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Protest Against New Coal Power Plants Comes from Far and Wide

December 18, 2006

Denver, CO - Westminster-based Tri-State Generation's plan to construct one of the country's largest coal-fired power plants near the Kansas border is drawing protests from near and far. Environmental groups and state officials from as far away as New York are crying foul over the global warming pollution they say the new plant would add to the atmosphere while also boosting local energy bills.

Jake Mefley, with Environment Colorado, says Tri-State needs to develop renewable energy sources instead of committing to more coal.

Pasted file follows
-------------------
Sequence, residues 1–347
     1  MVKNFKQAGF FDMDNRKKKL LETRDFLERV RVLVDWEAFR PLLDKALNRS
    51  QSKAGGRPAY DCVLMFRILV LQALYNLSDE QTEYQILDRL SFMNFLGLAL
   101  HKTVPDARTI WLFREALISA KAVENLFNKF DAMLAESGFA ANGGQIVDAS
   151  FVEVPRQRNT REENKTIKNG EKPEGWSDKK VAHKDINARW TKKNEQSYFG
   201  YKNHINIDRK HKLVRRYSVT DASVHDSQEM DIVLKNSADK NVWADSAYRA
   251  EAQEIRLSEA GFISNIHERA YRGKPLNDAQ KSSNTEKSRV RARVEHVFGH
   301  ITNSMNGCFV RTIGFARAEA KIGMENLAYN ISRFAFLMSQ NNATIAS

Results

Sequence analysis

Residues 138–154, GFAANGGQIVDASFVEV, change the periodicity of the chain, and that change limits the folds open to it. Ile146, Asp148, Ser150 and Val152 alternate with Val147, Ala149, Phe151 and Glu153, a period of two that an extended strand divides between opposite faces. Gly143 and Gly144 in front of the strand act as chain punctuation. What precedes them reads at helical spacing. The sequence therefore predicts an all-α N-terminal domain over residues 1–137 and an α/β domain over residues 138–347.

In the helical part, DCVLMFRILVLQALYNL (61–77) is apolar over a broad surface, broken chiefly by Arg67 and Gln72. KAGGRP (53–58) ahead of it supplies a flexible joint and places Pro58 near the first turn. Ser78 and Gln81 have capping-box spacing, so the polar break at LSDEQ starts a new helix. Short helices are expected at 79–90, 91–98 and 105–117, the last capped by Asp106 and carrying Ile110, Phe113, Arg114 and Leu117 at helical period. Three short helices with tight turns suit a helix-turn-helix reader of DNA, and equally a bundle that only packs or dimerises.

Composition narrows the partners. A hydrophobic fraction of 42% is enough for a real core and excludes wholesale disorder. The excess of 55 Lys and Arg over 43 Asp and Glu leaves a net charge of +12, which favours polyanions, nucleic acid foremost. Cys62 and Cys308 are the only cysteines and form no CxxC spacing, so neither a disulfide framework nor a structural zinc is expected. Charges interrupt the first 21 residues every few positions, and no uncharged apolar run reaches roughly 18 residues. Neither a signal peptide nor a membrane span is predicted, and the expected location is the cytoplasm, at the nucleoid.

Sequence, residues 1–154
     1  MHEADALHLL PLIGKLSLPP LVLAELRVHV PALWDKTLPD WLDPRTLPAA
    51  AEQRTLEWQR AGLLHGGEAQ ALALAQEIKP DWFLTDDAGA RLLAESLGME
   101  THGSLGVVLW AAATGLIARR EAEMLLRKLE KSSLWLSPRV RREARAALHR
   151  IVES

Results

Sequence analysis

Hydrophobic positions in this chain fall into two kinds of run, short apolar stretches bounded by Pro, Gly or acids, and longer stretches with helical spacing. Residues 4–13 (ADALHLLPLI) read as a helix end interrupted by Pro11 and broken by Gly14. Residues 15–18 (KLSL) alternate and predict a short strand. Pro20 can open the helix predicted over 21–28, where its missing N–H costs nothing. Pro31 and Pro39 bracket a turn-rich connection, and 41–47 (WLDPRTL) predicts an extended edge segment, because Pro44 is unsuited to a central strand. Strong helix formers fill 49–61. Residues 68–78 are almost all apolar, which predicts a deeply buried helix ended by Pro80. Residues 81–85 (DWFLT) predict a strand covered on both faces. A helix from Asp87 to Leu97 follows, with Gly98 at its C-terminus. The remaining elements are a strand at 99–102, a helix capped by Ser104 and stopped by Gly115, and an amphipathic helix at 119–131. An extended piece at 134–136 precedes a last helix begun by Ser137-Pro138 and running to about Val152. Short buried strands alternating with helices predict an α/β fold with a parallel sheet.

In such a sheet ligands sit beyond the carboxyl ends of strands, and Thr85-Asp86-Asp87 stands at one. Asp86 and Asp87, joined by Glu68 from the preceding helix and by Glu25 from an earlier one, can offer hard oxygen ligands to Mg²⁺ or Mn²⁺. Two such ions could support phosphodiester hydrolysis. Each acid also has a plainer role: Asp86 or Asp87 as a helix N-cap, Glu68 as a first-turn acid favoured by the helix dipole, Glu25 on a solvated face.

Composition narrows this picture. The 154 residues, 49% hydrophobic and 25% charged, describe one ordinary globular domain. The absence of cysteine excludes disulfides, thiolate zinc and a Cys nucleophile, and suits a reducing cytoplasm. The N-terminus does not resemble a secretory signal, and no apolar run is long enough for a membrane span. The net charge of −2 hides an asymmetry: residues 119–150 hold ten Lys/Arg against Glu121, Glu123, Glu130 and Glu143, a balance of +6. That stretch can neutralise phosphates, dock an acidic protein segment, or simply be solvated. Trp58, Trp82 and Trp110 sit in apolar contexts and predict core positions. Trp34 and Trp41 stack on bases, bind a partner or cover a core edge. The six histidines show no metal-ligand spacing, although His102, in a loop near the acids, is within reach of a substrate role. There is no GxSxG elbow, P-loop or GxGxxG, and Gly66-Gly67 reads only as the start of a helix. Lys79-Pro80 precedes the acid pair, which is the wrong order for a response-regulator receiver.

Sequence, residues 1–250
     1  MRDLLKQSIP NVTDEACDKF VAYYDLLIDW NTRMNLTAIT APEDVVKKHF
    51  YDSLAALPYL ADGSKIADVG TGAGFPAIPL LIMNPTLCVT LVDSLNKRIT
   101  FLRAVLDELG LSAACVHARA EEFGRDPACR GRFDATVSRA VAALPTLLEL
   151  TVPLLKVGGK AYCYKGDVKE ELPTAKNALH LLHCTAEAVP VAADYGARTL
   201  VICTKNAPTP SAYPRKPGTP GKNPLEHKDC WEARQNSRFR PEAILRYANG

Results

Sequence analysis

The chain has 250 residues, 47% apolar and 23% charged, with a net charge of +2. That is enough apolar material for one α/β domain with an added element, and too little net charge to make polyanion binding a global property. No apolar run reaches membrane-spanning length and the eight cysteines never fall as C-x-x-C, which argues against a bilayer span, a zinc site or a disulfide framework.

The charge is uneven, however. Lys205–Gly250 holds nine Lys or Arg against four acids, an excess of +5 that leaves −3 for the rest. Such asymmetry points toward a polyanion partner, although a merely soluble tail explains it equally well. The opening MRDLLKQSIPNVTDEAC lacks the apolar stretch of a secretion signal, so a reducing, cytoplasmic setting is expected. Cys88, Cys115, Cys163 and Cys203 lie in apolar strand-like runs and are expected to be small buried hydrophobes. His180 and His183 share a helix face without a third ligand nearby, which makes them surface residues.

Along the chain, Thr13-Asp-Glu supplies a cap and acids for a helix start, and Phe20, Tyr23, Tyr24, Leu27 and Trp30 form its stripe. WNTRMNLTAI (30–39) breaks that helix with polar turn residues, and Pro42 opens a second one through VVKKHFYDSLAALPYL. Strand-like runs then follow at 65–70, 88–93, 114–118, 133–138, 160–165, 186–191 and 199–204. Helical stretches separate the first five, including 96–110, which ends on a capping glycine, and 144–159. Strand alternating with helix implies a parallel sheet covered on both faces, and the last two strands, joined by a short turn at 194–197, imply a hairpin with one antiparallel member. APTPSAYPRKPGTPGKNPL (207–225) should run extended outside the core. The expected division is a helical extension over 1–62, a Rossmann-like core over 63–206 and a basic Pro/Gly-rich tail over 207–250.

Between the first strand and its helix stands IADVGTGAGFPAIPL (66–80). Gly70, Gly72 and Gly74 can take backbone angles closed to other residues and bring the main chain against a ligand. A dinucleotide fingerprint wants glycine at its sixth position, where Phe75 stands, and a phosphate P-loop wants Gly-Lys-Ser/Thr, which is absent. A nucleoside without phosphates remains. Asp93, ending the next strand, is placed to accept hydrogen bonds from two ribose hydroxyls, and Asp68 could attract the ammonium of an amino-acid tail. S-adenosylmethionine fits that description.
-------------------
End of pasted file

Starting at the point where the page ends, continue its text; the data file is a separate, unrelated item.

"Approximately a third of the greenhouse gases that are produced in the United States come from coal plants alone. There are better alternatives."

New York Attorney General Eliot Spitzer is also leading a protest by a group of state attorneys general over the plan because of global warming concerns. Closer to home, Mefley says Tri-State customers could feel the heat in their pocketbooks, too, if the plan goes through.

"They don't realize the huge rate increases that they're likely to experience over the next five years. They're going to be paying for power for more than just the membership of these co-ops."

Mefley adds that it doesn't make sense to ship coal from Wyoming to the plant in Kansas to generate electricity that would then be sent back over expensive transmission lines. Tri-State says the new plants are necessary to stabilize energy prices in the face of growing demand.

A report on the effects of the proposed plants on energy rates can be found online at

Eric Mack/David Law, Public News Service - CO